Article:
5 Unexpected Computer Science Careers
Computer science (CS) is an increasingly lucrative field as technology and machine learning such as ChatGPT become further embedded into our lives. If you’ll scroll through any major college admissions page, you’ll be able to see just how many students choose to enter this competitive field. Most are familiar with software and web development, data science, and machine learning, but here are 5 unconventional uses of computer science in the coming years.
1. Computational Media
Schools like Georgia Tech, Duke, and UC Santa Cruz offer Computational Media (CM) degrees that combine CS skills with the arts or humanities, including Drama, Music, Visual Art, Communications, and more. Such degrees enable graduates to pursue traditional CS careers with a more creative outlook or forge more entrepreneurial paths as freelance developers, animators, marketers, content creators, and musicians.
Computational media is an applied approach to computer science principles through the use of programming, algorithms, data science, and operating systems as artistic mediums. It includes concentration like animation, game design, graphic design, marketing, music technology, and storytelling. It opens diverse career avenues, combining creativity and analytical thinking. Even when used in traditional CS fields, CM exposes programmers to accessible practices and outside-the-box thinking that makes them invaluable hires in the tech world.
2. Data Journalism
Data journalism is the intersection of data science, journalism, and in many cases, social justice. Data journalists sift through enormous amounts of data to build stories, and use data visualization with the accessible language of journalism to tell stories about anything from culture to law to politics.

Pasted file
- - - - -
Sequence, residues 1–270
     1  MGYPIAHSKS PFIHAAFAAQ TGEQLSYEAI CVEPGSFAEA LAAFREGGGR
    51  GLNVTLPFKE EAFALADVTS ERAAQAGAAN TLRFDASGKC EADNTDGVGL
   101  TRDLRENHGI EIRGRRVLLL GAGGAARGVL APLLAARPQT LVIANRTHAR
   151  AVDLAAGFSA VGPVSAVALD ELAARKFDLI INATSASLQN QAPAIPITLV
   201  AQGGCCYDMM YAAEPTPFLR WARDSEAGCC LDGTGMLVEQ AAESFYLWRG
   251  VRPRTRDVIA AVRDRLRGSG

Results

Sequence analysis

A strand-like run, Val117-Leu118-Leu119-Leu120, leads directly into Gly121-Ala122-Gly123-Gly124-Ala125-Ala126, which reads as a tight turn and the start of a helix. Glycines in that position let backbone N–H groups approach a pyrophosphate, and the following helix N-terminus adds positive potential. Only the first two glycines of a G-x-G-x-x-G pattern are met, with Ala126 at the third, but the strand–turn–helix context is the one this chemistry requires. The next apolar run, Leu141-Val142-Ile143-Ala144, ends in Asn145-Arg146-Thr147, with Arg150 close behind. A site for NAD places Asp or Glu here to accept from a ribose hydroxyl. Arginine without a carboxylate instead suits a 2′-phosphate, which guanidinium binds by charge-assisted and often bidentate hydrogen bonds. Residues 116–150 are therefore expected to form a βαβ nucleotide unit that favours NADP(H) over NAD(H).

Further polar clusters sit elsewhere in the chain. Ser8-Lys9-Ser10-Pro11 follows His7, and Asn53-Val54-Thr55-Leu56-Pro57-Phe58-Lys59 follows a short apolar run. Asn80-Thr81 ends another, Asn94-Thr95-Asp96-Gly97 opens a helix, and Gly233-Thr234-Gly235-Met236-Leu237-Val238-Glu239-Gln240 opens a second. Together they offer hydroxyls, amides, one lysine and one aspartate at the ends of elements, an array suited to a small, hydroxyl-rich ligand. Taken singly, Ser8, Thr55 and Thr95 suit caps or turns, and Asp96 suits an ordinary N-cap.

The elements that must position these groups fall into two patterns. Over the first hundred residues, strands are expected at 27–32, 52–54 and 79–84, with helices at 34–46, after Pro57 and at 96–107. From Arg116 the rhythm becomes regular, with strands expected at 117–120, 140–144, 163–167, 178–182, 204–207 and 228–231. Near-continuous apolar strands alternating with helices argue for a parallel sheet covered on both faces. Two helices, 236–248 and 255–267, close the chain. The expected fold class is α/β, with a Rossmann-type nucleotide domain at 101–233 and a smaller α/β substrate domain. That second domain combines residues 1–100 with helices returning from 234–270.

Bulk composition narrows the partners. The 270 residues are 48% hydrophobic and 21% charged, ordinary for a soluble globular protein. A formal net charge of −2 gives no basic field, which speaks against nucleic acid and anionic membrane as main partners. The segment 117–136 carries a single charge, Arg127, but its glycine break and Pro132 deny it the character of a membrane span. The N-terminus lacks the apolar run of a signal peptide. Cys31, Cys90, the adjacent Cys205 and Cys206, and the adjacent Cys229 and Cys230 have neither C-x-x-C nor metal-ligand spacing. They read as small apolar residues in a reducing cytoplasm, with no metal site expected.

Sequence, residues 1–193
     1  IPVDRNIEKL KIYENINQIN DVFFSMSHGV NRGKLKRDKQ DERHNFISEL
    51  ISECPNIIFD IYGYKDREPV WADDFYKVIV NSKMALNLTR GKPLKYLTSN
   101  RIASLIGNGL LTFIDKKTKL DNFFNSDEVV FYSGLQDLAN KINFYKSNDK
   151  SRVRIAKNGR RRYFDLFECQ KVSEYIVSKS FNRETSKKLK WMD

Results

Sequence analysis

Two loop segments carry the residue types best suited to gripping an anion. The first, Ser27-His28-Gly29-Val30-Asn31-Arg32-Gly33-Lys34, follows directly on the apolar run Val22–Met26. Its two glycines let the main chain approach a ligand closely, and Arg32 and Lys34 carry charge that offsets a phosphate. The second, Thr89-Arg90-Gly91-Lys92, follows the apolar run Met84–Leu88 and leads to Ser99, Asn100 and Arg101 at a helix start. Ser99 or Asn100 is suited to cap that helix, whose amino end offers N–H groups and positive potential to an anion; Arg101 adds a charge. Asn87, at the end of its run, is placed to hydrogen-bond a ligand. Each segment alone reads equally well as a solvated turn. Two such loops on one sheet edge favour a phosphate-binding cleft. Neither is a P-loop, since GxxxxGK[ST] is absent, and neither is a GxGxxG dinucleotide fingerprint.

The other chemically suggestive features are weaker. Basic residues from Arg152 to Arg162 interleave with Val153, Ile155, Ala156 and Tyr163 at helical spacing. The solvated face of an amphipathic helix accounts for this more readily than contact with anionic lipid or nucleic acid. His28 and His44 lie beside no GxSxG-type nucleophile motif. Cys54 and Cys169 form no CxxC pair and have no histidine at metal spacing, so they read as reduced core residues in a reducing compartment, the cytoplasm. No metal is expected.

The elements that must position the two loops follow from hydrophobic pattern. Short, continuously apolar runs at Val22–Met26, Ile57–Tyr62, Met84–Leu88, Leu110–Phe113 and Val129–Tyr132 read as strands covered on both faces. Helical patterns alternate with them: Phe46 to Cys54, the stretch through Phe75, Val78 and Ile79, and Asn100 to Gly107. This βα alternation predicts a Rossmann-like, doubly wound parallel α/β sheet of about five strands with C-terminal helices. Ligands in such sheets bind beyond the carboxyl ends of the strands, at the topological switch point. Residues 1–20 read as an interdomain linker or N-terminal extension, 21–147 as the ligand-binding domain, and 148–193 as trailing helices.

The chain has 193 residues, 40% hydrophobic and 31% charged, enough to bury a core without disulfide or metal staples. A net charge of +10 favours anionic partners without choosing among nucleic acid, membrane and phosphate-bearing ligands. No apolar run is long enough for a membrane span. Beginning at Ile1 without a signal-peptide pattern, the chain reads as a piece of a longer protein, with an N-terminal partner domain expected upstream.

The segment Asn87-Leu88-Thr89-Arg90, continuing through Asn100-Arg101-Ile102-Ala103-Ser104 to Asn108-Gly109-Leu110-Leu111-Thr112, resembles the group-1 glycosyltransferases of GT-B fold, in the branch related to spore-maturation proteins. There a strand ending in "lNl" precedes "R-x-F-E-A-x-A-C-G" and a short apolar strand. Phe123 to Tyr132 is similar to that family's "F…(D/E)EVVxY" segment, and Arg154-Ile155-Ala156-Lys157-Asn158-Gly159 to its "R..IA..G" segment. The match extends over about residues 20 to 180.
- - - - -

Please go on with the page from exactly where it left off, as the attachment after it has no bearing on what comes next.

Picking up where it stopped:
This field is particularly popular in Europe. Oxford College and the Amsterdam School of Computer Science offer Data Journalism programs; the Guardian even has a dedicated section for Data Journalism. Most recently, in March 2023, they covered a story on systemic bias in AI based on several datasets. In the States, Columbia also offers a highly selective masters’ degree in the field and Stanford integrates it directly into the Journalism graduate programs.
Data journalism combines all of the fun of data science and statistics with hard-hitting reporting of quality journalism.
3. Developer Relations
Developer Relations, or “DevRel” for short, aim to foster productive relationships between companies and software developers through marketing, advocacy, and community events that strengthen those bonds.
DevRel advocates act almost like influencers for various companies or developers. They handle networking by promoting or speaking at conferences and conventions, handling social media interactions, and content creation for a product or company. They often overlap with DevRel marketers, who plan and organize campaigns, events, and content, and DevRel community professionals, who moderate forums and interactive spaces, incentivize development progress, and set the tone of workplace interactions.